Beancounters working for Gartner say that Chipzilla has its highest-ever market share of all time.
By adding up the numbers and dividing by its collective shoe size, Gartner said that the outfit had a record 16.9 percent of worldwide semiconductor sales.
The best that Intel ever managed was in the heady days of 1998 when it held 16.3 percent.
It is also Chipzilla’s 20th year as the king of the global semiconductor market, which is a pretty long time at the top.
It all seems odd that Intel told the world and its dog last week that it was going to lose a billion dollars due to the disrupted hard drive and PC supply chain spurred from the Thailand floods.
Intel’s Jon Carvill told CRN that much of the company’s growth this year could be attributed to its PC unit. This will seem odd as most analysts insist that no one is buying PCs now that Steve Jobs has brought the game changing tablet into the world.
Intel’s competition is Samsung which has 9.7 percent of the semiconductor market share, with its revenue growth rising slightly above the industry average. Ironically Samsung is doing so well because it makes the A5 processor being used to power Apple iPhone 4S and the iPad 2 tablet.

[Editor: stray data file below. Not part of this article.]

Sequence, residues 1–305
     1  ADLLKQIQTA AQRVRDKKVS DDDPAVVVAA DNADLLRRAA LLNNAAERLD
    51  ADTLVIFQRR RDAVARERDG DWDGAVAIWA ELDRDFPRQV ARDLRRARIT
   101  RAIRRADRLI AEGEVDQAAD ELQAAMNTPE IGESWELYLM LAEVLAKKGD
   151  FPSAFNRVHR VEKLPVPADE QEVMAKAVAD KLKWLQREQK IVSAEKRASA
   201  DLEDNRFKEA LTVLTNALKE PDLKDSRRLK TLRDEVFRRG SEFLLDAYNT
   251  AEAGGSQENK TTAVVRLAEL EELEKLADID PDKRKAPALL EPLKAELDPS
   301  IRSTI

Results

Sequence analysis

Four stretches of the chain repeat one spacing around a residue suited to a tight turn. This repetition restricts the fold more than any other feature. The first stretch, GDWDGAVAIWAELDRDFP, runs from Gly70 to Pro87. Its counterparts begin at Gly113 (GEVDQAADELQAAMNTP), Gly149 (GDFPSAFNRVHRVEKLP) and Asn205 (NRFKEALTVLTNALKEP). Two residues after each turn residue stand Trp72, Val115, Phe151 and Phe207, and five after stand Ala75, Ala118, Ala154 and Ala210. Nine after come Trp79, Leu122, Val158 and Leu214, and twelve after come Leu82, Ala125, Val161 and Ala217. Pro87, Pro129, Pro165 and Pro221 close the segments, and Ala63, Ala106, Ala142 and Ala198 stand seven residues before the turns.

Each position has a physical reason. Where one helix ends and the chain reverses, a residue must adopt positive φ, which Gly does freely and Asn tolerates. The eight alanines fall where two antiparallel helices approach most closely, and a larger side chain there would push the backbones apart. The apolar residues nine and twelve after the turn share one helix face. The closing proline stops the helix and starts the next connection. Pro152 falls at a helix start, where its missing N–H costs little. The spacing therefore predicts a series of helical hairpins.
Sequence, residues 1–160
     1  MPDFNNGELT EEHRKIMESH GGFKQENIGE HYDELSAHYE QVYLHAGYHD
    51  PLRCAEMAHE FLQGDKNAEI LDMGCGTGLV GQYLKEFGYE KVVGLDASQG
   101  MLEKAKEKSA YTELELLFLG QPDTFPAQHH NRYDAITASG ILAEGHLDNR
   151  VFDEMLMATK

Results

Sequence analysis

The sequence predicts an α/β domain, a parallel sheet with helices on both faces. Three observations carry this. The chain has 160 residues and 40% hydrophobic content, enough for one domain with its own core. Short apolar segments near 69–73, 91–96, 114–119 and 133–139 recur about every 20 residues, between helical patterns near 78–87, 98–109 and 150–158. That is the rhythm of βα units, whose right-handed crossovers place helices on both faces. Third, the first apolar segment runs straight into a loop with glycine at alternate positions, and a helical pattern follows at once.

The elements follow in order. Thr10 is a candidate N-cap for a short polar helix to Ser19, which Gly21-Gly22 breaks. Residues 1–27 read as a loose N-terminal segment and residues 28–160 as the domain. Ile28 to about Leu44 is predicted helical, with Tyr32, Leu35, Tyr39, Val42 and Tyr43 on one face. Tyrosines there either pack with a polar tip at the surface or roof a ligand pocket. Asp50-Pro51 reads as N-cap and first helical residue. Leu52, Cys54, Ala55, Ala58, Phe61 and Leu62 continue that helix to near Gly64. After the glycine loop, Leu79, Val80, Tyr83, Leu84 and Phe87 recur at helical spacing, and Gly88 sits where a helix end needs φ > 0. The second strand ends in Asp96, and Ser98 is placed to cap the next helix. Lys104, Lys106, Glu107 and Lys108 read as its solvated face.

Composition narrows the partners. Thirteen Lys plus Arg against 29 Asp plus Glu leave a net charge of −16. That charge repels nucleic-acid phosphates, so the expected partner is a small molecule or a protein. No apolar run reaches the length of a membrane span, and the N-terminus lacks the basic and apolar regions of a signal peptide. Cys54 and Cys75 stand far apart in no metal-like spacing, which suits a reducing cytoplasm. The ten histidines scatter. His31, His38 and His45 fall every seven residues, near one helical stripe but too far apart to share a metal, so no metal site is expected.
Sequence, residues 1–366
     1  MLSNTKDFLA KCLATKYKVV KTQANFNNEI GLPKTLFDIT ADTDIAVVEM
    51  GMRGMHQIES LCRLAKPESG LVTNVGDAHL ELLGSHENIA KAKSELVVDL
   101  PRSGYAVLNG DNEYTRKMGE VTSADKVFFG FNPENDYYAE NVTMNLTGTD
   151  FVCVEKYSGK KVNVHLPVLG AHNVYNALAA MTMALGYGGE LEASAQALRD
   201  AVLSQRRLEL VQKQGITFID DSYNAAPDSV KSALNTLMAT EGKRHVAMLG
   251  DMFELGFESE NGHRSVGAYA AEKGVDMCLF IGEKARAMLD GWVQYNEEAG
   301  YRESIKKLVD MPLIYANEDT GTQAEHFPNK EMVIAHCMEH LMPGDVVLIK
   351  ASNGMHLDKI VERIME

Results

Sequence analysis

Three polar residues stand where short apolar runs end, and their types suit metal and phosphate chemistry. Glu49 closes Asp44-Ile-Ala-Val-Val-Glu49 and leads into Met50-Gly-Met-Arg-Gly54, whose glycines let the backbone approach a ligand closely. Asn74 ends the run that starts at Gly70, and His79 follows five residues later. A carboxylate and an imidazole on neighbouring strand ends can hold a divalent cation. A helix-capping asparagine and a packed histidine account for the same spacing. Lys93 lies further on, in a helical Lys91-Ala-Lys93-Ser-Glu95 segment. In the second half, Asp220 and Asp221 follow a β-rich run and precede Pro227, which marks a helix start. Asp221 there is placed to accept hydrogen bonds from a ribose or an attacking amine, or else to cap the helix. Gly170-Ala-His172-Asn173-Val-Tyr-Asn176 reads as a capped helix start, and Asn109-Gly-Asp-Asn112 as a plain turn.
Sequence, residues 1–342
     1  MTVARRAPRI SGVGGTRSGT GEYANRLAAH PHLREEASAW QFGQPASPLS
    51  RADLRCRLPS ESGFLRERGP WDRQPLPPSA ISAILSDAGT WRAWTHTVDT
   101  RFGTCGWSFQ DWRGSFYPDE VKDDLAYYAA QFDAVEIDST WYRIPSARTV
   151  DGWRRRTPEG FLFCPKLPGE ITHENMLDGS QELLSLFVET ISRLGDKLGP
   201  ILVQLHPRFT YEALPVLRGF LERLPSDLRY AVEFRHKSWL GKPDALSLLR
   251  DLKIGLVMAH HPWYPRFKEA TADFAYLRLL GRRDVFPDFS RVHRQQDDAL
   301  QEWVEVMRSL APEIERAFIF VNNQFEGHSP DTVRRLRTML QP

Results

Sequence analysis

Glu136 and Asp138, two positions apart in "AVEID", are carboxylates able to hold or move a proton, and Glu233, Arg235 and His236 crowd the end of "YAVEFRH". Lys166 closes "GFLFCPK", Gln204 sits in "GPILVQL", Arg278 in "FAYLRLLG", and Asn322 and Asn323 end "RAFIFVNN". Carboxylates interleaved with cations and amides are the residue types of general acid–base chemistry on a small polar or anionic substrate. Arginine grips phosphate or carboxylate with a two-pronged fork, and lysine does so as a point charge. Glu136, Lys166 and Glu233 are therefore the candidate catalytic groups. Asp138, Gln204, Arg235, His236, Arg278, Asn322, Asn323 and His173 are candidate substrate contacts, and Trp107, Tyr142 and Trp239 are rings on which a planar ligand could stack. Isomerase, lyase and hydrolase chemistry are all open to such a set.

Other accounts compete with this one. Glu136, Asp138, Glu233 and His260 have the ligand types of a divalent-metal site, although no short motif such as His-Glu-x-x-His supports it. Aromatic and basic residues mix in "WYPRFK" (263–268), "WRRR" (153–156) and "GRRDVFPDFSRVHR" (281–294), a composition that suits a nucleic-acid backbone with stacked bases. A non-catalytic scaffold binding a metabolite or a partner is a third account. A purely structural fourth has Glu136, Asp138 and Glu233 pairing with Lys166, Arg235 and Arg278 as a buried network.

Texas Instruments is the next with a four percent market share, while Toshiba followed on Samsung’s heels with 3.9 percent.
Gartner said that worldwide semiconductor revenue as a whole grew 0.9 percent from 2010, reaching $302 billion in 2011.
Stephan Ohr, semiconductor research director at Gartner said that the Industry did well in the early part of the year, in many cases thanks to the backlog from a good 2010.
He said that uncertainty about the state of the macroeconomy set in at the midpoint of the year and consumers stopped buying. Governments stopped buying as they got themselves into debt. Equipment inventories began to build as the year progressed, with resulting ripples throughout the semiconductor industry, Ohr added.